Skip to main content

The Importance of Treating an Undescended Testicle ASAP

Dr. Amanda C. North, Pediatric Urology

May 10, 2024

The Importance of Treating an Undescended Testicle ASAP

Parents react in a variety of ways when it is discovered that their newborn has an undescended testicle. Some may panic under the impression that there’s something “wrong” with their child; others may take a wait-and-see attitude; still others may not consider it a problem at all. The fact is that pediatricians highly recommend the situation be resolved within 6 to 12 months of baby’s birth.

Undescended testicles, also known as cryptorchidism, is a fairly common and usually painless congenital condition where one – or sometimes both – of the baby's testicles have not moved into the proper position. The situation occurs in about 1% of full-term babies, but in roughly 30% of premature births.

In some cases, the testicle will descend on its own as the infant develops. However, we strongly encourage surgery if this has not happened by the six-month mark.

Why is this so important? Undescended testicles that are addressed too late (by age 2), or are not addressed at all, can lead to serious health problems later, increasing the likelihood of developing hernias, testicular cancer and infertility.

Fixing the problem involves a simple surgery called an orchidopexy. After the baby receives general anesthesia, an incision is made in the groin above the pubic bone on the side where the testicle has not descended. The surgeon then locates the undescended testicle, after which they will make a small incision in the scrotum to create a pouch that will hold the testicle. Using surgical instruments, the surgeon then gently pulls the undescended testicle into the pouch, securing it in place with dissolvable stitches – which are also used to close both incisions. The surgery typically takes 60 to 90 minutes.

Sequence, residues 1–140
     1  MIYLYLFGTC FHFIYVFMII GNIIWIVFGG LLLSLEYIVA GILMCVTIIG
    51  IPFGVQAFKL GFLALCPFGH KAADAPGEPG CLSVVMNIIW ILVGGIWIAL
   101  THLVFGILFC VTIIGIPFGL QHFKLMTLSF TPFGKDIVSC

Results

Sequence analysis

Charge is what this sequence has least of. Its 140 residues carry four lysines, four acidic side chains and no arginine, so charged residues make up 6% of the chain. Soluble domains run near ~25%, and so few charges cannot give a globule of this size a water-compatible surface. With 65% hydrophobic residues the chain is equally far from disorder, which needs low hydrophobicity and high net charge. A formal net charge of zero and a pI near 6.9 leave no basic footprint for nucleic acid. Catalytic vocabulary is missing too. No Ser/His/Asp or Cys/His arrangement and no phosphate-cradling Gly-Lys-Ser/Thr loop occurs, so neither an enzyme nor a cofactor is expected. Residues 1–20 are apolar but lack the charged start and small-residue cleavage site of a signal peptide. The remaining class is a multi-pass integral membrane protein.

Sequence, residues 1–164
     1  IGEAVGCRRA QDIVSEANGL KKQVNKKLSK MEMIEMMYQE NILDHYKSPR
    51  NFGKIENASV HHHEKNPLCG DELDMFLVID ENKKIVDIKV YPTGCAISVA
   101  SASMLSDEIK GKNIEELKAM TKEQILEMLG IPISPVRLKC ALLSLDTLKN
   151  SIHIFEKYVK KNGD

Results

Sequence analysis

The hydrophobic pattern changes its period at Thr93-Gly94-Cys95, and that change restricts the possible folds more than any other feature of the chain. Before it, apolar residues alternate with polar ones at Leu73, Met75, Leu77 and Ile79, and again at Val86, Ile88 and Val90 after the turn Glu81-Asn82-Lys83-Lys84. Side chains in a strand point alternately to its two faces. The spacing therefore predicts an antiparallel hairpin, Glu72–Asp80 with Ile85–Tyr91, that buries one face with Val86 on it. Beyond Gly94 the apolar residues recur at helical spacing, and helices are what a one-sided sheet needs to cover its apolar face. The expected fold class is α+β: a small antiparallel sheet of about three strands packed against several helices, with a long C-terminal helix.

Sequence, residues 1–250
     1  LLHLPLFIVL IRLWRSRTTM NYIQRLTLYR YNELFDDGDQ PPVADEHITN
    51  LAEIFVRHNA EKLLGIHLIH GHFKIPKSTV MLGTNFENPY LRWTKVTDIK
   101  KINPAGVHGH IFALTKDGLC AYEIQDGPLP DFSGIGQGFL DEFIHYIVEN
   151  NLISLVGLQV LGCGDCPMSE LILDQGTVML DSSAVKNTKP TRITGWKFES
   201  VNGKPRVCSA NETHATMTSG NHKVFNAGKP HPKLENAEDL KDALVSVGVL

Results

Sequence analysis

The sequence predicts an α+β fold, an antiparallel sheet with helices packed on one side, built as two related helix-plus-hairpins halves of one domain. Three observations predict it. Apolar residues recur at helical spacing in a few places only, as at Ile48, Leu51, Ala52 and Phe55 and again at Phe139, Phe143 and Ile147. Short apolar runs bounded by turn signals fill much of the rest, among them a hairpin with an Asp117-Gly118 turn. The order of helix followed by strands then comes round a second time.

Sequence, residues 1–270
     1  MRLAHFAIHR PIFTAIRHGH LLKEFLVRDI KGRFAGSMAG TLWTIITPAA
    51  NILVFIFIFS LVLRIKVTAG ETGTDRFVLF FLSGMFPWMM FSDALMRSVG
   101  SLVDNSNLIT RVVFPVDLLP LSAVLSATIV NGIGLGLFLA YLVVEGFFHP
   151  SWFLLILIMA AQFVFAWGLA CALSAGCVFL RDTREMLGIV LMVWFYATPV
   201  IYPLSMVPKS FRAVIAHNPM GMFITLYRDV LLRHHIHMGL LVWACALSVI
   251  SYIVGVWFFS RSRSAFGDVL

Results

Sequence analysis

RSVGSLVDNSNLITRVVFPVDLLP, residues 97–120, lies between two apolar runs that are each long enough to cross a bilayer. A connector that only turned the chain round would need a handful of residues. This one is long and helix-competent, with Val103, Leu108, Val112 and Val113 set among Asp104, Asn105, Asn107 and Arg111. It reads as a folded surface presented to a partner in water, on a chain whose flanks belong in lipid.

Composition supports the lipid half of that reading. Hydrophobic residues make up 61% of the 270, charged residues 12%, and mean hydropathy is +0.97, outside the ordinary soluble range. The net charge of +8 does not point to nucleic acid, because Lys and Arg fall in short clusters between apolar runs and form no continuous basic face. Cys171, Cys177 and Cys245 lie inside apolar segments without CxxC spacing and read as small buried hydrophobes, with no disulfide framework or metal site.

Post-surgery, the baby will likely need appropriate doses of ibuprofen or acetaminophen to help manage their pain, and should only play quietly for 48 hours. (This can be easier said than done in some cases, but it is important to allow the incisions to heal properly.) They should not play on toys that they straddle for two weeks.

In some cases, the undescended testicle may be higher in the abdomen, near the child’s tummy. The surgeon would then likely use a laparoscope – a small tube with a camera on it that is placed through a small incision in the belly. After locating the testicle, the procedure is similar to that of the orchidopexy.

No parent wants their child to undergo surgery of any kind – especially with an infant. But in cases such as these, it is important to have the surgery performed; again, it is not considered to be major. Your pediatrician can advise you on the best steps to take, which likely will lead you to a pediatric urologist.

Dr. Amanda C. North

Dr. Amanda C. North is Chief of Pediatric Urology and an attending physician at the Children’s Hospital at Montefiore (CHAM). To make an appointment, call 914-849-5437.